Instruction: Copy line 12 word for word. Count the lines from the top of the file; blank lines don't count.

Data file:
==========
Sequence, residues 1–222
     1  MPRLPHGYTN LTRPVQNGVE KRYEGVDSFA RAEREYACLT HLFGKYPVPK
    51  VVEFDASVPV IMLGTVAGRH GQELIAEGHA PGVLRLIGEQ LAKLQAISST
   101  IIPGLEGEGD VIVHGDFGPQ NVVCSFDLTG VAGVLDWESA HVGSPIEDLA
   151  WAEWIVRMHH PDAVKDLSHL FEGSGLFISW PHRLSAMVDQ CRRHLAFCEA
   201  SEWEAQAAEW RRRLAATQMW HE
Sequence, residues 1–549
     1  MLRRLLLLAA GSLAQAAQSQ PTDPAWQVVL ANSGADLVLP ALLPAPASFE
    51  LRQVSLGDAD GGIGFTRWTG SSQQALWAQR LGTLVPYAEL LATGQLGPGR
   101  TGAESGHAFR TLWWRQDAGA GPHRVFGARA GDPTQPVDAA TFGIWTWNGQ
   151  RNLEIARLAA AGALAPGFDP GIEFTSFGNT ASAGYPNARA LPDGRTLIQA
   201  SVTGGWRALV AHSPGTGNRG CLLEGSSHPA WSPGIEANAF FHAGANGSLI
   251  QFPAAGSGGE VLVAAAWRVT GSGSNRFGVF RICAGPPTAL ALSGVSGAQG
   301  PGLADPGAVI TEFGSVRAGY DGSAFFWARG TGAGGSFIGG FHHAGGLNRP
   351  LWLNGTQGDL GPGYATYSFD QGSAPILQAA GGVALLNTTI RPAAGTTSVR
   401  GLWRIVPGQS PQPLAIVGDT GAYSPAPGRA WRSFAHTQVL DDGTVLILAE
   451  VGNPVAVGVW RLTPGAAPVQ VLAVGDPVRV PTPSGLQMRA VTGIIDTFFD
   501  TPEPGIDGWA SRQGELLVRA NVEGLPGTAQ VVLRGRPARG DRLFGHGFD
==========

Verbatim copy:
   201  SVTGGWRALV AHSPGTGNRG CLLEGSSHPA WSPGIEANAF FHAGANGSLI